Yuki Noguchi

Yuki Noguchi is a correspondent on the Business Desk based out of NPR's headquarters in Washington, DC. Since joining NPR in 2008, she's covered a range of business and economic news, with a special focus on the workplace — anything that affects how and why we work. In recent years she has covered the rise of the contract workforce, the #MeToo movement, the Great Recession, and the subprime housing crisis. In 2011, she covered the earthquake and tsunami in her parents' native Japan. Her coverage of the impact of opioids on workers and their families won a 2019 Gracie Award and received First Place and Best In Show in the radio category from the National Headliner Awards. She also loves featuring offbeat topics, and has eaten insects in service of journalism.

Yuki started her career as a reporter, then an editor, for The Washington Post. She reported on stories mostly about business and technology.

Yuki grew up in St. Louis, inflicts her cooking on her two boys, and has a degree in history from Yale.

It has been five years, but the memory still haunts construction superintendent Michelle Brown.

A co-worker ended his workday by giving away his personal cache of hand tools to his colleagues. It was a generous but odd gesture; no one intending to return to work would do such a thing.

The man went home and killed himself. He was found shortly afterward by co-workers who belatedly realized the significance of his gifts.

"It's a huge sign, but we didn't know that then," Brown says. "We know it now."

Federal workers are on the cusp of getting 12 weeks of paid parental leave, thanks to a landmark proposal making its way through Congress.

The House on Wednesday passed the measure, which is slated for a Senate vote next week and is expected to become law.

"The idea that you could be at home for 12 weeks would be a real game changer, I think, for people — myself included," says Becky Williams, who works as an analyst at the U.S. State Department.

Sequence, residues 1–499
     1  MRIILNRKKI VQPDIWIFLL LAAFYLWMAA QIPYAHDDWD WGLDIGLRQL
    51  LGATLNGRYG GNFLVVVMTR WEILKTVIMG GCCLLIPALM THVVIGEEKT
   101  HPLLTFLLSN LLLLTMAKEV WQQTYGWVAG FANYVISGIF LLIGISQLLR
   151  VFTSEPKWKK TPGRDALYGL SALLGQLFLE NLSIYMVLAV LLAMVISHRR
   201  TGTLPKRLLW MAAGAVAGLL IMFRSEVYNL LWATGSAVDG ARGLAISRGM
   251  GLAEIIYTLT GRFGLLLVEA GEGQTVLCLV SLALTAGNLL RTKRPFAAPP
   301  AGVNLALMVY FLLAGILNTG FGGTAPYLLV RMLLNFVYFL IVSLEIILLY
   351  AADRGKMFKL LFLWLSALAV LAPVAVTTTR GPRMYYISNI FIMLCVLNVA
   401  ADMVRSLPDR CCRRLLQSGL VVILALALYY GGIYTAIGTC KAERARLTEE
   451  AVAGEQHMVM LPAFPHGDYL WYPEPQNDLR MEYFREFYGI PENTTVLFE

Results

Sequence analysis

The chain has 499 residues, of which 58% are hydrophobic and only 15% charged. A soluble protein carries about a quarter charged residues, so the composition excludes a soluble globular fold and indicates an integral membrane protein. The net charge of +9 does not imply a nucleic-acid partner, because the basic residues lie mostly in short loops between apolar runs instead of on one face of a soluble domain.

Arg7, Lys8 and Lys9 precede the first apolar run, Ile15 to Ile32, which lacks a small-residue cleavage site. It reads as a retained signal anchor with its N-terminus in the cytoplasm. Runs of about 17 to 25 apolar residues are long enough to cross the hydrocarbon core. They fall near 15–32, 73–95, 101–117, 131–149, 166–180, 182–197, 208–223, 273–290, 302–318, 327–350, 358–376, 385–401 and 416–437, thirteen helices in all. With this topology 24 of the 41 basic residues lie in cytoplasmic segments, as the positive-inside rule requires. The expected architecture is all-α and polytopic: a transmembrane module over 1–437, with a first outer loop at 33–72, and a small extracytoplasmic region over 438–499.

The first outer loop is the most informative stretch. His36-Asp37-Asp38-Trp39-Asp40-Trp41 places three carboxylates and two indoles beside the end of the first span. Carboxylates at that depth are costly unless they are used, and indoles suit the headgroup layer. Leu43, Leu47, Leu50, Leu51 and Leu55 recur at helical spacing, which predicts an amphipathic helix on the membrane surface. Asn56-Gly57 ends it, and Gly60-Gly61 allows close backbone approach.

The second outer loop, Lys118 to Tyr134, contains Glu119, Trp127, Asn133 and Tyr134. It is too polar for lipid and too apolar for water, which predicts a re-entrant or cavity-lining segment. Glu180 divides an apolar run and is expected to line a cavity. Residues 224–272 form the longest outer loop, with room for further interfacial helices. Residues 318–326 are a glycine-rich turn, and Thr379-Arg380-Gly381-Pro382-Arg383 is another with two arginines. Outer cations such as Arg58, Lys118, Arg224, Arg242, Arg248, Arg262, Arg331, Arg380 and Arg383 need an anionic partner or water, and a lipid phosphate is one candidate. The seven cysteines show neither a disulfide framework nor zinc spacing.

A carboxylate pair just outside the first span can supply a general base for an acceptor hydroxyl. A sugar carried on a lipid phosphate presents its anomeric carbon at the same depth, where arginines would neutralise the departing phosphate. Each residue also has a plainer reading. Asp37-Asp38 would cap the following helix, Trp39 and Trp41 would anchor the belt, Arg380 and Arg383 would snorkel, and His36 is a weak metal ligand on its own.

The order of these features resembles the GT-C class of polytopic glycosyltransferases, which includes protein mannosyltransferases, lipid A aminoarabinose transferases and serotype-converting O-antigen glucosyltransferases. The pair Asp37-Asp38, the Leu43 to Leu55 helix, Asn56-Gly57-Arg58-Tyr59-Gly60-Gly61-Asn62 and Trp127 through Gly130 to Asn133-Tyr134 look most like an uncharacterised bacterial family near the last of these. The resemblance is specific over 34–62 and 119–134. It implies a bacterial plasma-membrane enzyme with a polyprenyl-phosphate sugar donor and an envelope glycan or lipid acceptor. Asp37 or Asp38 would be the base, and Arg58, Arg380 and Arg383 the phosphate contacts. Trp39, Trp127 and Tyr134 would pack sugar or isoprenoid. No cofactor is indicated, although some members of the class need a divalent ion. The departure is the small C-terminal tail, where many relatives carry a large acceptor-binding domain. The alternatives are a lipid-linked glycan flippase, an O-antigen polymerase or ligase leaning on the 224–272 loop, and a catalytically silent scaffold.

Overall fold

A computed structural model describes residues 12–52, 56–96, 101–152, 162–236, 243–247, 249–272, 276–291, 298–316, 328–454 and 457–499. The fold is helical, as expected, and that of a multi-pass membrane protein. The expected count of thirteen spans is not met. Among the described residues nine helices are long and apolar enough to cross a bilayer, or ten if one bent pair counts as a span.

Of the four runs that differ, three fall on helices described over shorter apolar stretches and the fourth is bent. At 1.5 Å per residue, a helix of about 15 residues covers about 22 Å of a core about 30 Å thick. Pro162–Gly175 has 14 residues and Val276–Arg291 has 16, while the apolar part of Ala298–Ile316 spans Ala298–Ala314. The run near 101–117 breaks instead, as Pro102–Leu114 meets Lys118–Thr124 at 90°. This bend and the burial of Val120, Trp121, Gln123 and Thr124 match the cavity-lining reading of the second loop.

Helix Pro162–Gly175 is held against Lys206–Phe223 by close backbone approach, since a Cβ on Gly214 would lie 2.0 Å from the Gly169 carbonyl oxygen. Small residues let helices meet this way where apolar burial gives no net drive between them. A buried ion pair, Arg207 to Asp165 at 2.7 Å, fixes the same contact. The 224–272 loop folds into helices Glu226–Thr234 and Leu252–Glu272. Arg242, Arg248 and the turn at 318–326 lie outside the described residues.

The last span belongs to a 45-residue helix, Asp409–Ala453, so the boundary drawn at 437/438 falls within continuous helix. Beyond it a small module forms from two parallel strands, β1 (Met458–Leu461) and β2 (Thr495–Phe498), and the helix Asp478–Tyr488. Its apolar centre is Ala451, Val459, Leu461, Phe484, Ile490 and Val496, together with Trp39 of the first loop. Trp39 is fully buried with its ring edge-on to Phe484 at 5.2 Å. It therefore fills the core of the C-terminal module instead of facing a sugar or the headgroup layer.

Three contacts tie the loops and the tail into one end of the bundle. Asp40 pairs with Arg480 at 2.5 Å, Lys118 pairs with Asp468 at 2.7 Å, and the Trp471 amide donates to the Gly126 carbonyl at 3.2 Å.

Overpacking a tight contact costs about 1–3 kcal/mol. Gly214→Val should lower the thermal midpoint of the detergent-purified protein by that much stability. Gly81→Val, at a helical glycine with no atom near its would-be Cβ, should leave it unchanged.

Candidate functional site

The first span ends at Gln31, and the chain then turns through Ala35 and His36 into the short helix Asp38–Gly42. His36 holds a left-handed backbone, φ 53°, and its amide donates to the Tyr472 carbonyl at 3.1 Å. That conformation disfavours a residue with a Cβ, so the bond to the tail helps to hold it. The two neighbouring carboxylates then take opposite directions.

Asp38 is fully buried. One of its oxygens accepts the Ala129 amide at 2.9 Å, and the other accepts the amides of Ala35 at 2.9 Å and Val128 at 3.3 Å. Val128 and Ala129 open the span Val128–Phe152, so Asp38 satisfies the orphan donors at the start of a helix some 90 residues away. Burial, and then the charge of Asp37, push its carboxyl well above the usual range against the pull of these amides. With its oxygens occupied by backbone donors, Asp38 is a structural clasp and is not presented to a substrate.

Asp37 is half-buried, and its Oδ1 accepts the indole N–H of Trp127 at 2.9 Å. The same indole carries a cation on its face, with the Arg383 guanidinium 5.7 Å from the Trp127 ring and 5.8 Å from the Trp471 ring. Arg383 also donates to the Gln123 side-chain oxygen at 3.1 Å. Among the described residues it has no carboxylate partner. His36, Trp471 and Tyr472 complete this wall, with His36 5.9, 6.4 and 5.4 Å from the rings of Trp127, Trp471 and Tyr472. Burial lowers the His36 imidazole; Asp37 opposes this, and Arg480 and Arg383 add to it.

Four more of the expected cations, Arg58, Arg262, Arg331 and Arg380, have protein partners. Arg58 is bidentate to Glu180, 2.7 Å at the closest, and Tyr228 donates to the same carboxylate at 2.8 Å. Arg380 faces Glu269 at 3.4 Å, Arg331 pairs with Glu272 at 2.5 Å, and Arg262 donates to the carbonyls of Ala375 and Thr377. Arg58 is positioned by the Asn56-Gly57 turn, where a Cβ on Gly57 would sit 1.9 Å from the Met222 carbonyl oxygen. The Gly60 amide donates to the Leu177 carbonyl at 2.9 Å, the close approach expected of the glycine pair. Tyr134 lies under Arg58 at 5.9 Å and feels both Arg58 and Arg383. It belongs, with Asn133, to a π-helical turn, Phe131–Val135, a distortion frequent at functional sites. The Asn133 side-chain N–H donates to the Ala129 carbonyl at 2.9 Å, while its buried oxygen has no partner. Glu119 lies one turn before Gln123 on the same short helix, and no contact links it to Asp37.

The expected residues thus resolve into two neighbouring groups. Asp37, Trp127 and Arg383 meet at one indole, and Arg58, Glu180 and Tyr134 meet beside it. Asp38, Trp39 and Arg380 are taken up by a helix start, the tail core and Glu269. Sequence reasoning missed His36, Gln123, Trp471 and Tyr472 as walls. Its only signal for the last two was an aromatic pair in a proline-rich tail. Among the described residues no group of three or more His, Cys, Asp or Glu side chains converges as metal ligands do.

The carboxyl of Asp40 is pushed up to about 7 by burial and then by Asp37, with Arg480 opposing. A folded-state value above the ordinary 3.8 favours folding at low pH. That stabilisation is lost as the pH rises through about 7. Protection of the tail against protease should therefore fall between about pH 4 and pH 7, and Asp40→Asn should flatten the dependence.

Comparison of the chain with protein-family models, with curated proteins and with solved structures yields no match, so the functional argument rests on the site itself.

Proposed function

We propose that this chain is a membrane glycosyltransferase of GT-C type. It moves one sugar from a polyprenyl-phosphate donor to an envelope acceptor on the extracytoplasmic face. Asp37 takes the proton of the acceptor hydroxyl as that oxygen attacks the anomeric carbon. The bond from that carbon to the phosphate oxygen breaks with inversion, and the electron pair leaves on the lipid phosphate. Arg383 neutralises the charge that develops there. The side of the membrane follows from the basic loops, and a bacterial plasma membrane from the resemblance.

Updated at 10:30 a.m. ET

Former Federal Reserve Chairman Paul Volcker, the closest thing to a rock star economist this country has seen, died Monday at 92, NPR has confirmed. He reportedly had prostate cancer.

It has been more than three decades since Volcker stepped down from the Fed. And it's a safe bet that many younger Americans do not even know his name.

Sophie Vershbow has seen her share of "OK, boomer" memes in recent weeks. The phrase that's suddenly everywhere is meant to convey a fundamental disconnect between younger generations and baby boomers who cling to outdated, off-base ideas.

To Vershbow, a 30-year-old social media manager, the sentiment behind the memes is this: "I think it's a dismissive, 'OK, whatever you say.' "

There's a culture war playing out at Ernst & Young.

The accounting giant is often held up as a paragon of workplace culture. But it also faces a recent backlash over a training program that, among other things, coached some of its top female executives to wear flattering and "well-cut attire." The episode raises questions about whether — and how much — workplaces have changed after the #MeToo movement.

Dina Lee Almeida says that three years ago, the CEO of a TV distribution firm for which she produced shows grabbed her and propositioned her for sex. As he became more aggressive, she complained to the company's lawyer. Nothing happened. Later, she says, the CEO pressured her to sign what amounted to a confidentiality agreement.

"I absolutely refused; I would never, ever sign that," Almeida says.

After that, the West Palm Beach, Fla., company, Olympusat, terminated her contract.

It's a pivotal time for LGBTQ people in the workplace. Last week, the Supreme Court heard arguments in cases testing whether people in that community are protected by the country's workplace anti-discrimination laws.

A common vocabulary can be an essential ingredient to creating the kind of respect, diversity and inclusiveness that many employers say they aspire to create. Here are some steps that advocates, therapists and human resources experts say can help you be a good colleague.

Virtual reality — long touted as the next big thing in tech — hasn't taken off as a consumer product, but employers are embracing it as a more efficient and effective tool for on-the-job training.

WeWork co-founder Adam Neumann is quitting as CEO amid problems with the workspace sharing company's efforts to go public. The company's valuation, once estimated at $47 billion, reportedly has dropped to less than $20 billion and its initial public offering has been delayed.

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